name that is ALSO meant to provide an identifier for a specific class  
of biological entities be they continuants/endurants or occurrents.   
Naming of phenotypic mutants in mouse is a good example.  Look at the  
MPO terms used to describe the mutant phenotype observations made on  
the following genotype:


These are excellent terms to encapsulate the complexity of the  
observation made by the researchers who've been phenotyping mouse  
mutants for nearly a century.  Tasks which focus on providing a means  
to capture this work and represent it for human perusal profit  
greatly from term lists like this.  They don't map well into an  
ontology of the relevant knowledge domains however.

This points to an obvious way in which characterizing the scientific  
lexicon has been extremely valuable.  I know from days working at the  
Biological Abstracts where I was responsible for creating products  
someone was willing to pay money for that in comprehensively  
monitoring terms from the literature used to describe/label  
biological phenomena, you stand a much better chance of creating an  
accurate and comprehensive search system (mutually optimal precision  
& retrieval in IR vernacular) for lexical descriptions of biological  
phenomena - whether they appear in the literature itself or in free  
text descriptions applied to records in data repositories.

The knowledge you accrue in this manner can be exceedingly helpful to  
inform the way you construct your ontology, but the lexicon must not  
be construed as representing the "universals" about biological  
entities.  For instance, the complex collection of entities one might  
classify as being related to "glial biology" today would clearly be  
very different from those one would've classified under this category  
30 years ago, yet the term "glial biology" was in use 30 years ago  
and remains in use today.

Just my $0.02 on this topic.


On Jul 10, 2006, at 6:42 AM, Phillip Lord wrote:

>>>>>> "AR" == Alan Rector <rector@cs.man.ac.uk> writes:
>   AR> All
>   AR> Just catching up.
>   AR> Could I strongly support the following.  If there is one
>   AR> repeatedly confirmed lesson from the medical communities
>   AR> experience with large terminologies/ontologies/ it is to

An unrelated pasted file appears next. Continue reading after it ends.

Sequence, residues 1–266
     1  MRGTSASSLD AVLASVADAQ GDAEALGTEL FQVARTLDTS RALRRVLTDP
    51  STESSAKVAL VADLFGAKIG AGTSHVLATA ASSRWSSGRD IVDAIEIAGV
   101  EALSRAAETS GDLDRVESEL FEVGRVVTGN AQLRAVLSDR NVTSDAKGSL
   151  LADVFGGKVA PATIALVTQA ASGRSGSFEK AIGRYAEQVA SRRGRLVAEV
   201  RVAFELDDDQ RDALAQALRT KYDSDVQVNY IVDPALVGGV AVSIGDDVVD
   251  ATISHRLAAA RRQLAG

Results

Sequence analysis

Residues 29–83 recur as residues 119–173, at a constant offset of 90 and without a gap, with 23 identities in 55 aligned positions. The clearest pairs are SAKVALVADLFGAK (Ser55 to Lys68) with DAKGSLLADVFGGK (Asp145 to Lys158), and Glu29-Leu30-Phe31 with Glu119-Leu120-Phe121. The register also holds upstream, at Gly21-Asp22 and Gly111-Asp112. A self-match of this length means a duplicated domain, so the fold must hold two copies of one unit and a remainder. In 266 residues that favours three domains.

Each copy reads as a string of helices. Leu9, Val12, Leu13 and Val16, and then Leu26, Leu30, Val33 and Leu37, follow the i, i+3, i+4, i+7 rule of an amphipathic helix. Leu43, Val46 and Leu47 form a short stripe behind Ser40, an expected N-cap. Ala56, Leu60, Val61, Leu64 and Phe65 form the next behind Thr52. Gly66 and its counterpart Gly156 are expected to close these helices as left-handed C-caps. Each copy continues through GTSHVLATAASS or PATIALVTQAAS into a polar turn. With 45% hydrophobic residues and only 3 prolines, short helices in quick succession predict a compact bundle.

>   AR> separate the "terms" from the "entities".  There are always
>   AR> linguistic artefacts, and language changes more fluidly in both
>   AR> time and space than the underlying entities.  (In medical
>   AR> informatics this is sometimes quaintly phrased as using
>   AR> "nonsemantic identifiers").
> Not that I wish to disagree with Alan, of course, but it is worth
> mentioning the reason that so many identifiers are semantically
> meaningful in biology; they look better in papers. More over, because
> they have some meaning associated with them, they are likely to be
> used correct in papers as biologists will notice when they have the
> wrong one.
> My own feeling is that the fly people got it right years ago. Their
> gene identifiers had meaning, but not too much. So, for example,
> sevenless is a mutant lacking the 7th cell in the eye. Clear, straight
> forward and memorable. And if the world changes under you, the name
> could be left the same because it doesn't really matter that much.
> Also, some of the names were quite amusing, although the "sonic
> hedgehog" gag ran out years ago.
> Cheers
> Phil

Bill Bug
Senior Analyst/Ontological Engineer

Laboratory for Bioimaging  & Anatomical Informatics
Department of Neurobiology & Anatomy
Drexel University College of Medicine
2900 Queen Lane
Philadelphia, PA    19129
215 991 8430 (ph)
610 457 0443 (mobile)
215 843 9367 (fax)

Please Note: I now have a new email - William.Bug@DrexelMed.edu

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Received on Monday, 10 July 2006 16:29:30 UTC